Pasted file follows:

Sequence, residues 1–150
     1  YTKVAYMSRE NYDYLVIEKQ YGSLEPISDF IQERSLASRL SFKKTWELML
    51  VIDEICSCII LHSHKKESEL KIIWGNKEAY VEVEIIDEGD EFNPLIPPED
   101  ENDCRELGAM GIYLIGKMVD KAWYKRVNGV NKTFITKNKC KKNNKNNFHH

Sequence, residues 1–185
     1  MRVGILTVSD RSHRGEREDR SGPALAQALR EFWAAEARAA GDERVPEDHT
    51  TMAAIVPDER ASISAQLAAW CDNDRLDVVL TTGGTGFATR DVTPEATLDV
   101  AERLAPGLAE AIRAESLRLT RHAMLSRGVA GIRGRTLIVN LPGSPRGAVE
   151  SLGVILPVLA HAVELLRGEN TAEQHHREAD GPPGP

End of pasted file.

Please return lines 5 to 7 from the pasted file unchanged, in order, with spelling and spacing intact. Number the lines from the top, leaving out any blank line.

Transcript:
Sequence, residues 1–185
     1  MRVGILTVSD RSHRGEREDR SGPALAQALR EFWAAEARAA GDERVPEDHT
    51  TMAAIVPDER ASISAQLAAW CDNDRLDVVL TTGGTGFATR DVTPEATLDV